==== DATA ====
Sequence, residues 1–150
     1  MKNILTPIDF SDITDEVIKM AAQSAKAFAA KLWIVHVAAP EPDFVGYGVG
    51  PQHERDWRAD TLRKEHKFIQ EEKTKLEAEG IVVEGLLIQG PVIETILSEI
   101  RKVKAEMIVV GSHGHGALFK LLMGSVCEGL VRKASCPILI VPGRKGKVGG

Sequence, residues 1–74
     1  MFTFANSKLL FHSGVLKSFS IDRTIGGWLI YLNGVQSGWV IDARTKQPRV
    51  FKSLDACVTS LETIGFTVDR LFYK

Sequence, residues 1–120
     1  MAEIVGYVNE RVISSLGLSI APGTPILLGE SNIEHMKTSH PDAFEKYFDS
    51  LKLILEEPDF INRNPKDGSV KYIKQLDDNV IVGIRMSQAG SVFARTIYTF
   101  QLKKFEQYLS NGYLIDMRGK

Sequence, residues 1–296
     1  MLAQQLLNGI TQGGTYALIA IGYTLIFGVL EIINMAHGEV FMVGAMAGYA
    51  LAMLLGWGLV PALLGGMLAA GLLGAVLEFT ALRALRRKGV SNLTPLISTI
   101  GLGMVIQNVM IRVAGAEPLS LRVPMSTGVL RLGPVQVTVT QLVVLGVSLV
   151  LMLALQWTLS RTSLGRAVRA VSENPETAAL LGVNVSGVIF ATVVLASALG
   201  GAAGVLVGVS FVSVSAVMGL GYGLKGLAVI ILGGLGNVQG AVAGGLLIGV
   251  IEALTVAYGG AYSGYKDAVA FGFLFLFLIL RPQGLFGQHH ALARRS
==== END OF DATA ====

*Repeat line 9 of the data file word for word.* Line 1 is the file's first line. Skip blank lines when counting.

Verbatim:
     1  MAEIVGYVNE RVISSLGLSI APGTPILLGE SNIEHMKTSH PDAFEKYFDS